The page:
It gained media coverage on July 11, 2021 after a local news outlet reported that the Dumaguete City Council had already passed a resolution granting the city mayor authority to sign the venture agreement with the contractor—giving the P23-billion project a green light. Since then, the project has gained opposition from scientists, experts, professionals, fisherfolk, and even ordinary citizens.
On Sept. 10, Dumaguete City Mayor Ipe Remollo withdrew his request to the City Council to grant him authority to sign a memorandum of understanding (MOU) with E.M. Cuerpo, the winning bidder of the controversial project. He noted, however, that the request is without prejudice “to pursue the city’s applications for pertinent permits with the Philippine Reclamation Authority and the Department of Environment and Natural Resources relative to the Smart City project at the proper time.”
To date, the #NoTo174 silent protests every Friday are still religiously attended by people from all walks of life.
Development vs. environment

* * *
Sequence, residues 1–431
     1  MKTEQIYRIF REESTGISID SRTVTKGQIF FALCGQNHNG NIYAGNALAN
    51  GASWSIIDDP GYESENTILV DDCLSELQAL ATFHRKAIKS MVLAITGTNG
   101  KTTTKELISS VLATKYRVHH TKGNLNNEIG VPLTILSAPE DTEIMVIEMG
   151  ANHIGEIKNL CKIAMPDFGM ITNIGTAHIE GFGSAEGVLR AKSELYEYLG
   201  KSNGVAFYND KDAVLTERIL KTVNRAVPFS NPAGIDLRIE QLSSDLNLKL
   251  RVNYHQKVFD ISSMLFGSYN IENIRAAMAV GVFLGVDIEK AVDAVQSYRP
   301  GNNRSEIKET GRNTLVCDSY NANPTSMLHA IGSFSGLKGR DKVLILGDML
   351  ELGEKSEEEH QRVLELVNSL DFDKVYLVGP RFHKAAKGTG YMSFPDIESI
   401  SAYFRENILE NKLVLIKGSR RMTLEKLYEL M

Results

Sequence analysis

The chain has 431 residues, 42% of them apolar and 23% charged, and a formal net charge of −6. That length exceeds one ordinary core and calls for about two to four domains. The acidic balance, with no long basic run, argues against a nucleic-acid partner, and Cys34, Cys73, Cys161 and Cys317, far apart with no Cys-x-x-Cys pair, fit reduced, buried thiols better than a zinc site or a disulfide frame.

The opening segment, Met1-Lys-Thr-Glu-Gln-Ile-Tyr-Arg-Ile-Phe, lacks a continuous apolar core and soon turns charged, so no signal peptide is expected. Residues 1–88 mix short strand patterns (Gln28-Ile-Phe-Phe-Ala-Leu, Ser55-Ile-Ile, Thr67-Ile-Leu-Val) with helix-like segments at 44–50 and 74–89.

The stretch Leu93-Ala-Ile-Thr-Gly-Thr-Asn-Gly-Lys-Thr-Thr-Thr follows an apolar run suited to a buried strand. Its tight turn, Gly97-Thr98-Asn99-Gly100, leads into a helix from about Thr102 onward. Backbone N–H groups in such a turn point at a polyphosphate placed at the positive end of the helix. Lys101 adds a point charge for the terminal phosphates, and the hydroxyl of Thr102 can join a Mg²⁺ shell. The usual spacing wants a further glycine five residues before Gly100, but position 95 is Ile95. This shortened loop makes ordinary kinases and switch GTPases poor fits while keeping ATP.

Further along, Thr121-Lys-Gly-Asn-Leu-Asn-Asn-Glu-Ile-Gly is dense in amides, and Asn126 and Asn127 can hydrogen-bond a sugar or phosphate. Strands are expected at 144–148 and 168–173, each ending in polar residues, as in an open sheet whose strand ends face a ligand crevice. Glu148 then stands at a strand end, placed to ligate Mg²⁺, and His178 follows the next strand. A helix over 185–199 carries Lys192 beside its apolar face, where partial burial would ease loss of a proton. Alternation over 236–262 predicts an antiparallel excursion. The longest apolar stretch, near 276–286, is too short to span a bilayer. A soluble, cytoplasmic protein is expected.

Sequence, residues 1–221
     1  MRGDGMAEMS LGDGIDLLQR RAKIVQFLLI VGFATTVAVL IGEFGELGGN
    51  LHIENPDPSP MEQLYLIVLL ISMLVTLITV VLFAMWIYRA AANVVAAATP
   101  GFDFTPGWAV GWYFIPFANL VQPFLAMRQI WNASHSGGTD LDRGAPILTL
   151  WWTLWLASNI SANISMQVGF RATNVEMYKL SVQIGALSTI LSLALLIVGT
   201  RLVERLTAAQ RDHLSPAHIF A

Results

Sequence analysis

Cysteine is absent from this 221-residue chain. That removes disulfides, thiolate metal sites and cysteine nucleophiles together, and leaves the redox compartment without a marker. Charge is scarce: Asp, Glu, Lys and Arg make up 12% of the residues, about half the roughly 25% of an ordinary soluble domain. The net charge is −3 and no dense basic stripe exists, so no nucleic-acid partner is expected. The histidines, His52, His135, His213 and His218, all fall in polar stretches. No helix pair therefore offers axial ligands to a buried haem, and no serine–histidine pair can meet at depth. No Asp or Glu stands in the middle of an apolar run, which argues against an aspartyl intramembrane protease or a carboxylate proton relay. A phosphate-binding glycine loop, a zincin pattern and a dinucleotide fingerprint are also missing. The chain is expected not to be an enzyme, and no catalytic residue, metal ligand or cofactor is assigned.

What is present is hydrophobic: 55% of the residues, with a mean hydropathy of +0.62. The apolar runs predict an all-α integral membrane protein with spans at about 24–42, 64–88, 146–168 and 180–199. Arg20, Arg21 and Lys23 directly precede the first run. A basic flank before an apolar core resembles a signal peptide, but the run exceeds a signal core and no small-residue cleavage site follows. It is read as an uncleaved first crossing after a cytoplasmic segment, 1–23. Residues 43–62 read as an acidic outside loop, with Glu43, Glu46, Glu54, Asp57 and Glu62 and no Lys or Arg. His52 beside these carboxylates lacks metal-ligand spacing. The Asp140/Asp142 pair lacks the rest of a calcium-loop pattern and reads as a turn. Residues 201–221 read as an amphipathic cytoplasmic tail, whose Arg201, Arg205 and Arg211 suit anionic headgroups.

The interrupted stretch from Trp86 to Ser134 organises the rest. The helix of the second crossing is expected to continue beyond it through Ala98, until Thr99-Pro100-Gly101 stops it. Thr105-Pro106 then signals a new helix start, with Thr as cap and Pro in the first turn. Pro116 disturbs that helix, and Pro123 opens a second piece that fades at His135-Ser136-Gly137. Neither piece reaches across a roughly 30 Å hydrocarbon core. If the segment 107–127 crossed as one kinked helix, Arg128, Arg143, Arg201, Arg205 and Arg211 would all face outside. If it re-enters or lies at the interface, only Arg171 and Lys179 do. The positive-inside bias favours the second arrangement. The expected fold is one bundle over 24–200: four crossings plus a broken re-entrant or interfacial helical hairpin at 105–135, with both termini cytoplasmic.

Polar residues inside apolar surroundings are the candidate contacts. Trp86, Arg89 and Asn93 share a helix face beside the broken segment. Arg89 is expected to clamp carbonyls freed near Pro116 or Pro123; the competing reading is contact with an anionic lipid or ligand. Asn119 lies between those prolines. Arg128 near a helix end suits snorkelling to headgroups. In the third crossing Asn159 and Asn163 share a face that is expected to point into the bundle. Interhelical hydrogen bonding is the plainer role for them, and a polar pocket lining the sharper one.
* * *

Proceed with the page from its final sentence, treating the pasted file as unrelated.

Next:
In a pandemic-stricken economy, the officials of the third-class city explored the reclamation project as a means of economic advancement. Remollo mentioned in a television interview that the project will be “sustainable and a solution to the poverty of the people of Dumaguete and Negros Oriental.”
The reclamation, referred to as the “Smart City,” will be 5G-ready with a coastal wastewater treatment facility, shoreline, slope and water protection, esplanade, marina, modern ferry port, and open area for sports facility, hospital, and a city administration hub.
Remollo reiterated in his information drives that the project will provide job opportunities for the Dumagueteños. He also mentioned that the project will decongest the city, ease the traffic, and the wastewater treatment facility will address the toxic boulevard waters.
All these, however, are at the expense of the environment—especially the city’s marine life. Primarily a coastal university town, Dumaguete has established four marine protected areas in barangays Bantayan, Lo-oc, Mangnao, and Banilad—all of which will be affected by the reclamation.